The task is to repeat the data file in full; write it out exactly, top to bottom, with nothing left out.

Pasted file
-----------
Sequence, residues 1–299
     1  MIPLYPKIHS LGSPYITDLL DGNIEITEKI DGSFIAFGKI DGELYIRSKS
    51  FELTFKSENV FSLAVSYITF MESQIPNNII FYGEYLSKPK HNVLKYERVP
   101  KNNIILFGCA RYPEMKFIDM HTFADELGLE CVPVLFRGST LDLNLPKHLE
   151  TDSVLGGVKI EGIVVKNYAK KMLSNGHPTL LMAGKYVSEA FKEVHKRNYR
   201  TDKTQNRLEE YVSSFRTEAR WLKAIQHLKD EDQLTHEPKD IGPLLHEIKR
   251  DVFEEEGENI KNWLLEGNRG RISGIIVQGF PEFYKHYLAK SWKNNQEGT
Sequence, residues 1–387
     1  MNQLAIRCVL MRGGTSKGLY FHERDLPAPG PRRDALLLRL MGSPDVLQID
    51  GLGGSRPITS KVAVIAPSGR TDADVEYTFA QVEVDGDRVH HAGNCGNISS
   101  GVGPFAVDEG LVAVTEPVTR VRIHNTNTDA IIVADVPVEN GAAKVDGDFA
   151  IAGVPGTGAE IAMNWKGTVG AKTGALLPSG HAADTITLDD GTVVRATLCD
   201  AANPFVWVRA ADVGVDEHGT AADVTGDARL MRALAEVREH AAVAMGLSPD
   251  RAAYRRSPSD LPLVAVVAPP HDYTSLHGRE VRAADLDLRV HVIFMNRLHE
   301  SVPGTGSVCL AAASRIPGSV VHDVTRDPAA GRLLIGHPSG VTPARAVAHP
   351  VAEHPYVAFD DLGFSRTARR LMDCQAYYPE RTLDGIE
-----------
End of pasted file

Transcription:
Sequence, residues 1–299
     1  MIPLYPKIHS LGSPYITDLL DGNIEITEKI DGSFIAFGKI DGELYIRSKS
    51  FELTFKSENV FSLAVSYITF MESQIPNNII FYGEYLSKPK HNVLKYERVP
   101  KNNIILFGCA RYPEMKFIDM HTFADELGLE CVPVLFRGST LDLNLPKHLE
   151  TDSVLGGVKI EGIVVKNYAK KMLSNGHPTL LMAGKYVSEA FKEVHKRNYR
   201  TDKTQNRLEE YVSSFRTEAR WLKAIQHLKD EDQLTHEPKD IGPLLHEIKR
   251  DVFEEEGENI KNWLLEGNRG RISGIIVQGF PEFYKHYLAK SWKNNQEGT
Sequence, residues 1–387
     1  MNQLAIRCVL MRGGTSKGLY FHERDLPAPG PRRDALLLRL MGSPDVLQID
    51  GLGGSRPITS KVAVIAPSGR TDADVEYTFA QVEVDGDRVH HAGNCGNISS
   101  GVGPFAVDEG LVAVTEPVTR VRIHNTNTDA IIVADVPVEN GAAKVDGDFA
   151  IAGVPGTGAE IAMNWKGTVG AKTGALLPSG HAADTITLDD GTVVRATLCD
   201  AANPFVWVRA ADVGVDEHGT AADVTGDARL MRALAEVREH AAVAMGLSPD
   251  RAAYRRSPSD LPLVAVVAPP HDYTSLHGRE VRAADLDLRV HVIFMNRLHE
   301  SVPGTGSVCL AAASRIPGSV VHDVTRDPAA GRLLIGHPSG VTPARAVAHP
   351  VAEHPYVAFD DLGFSRTARR LMDCQAYYPE RTLDGIE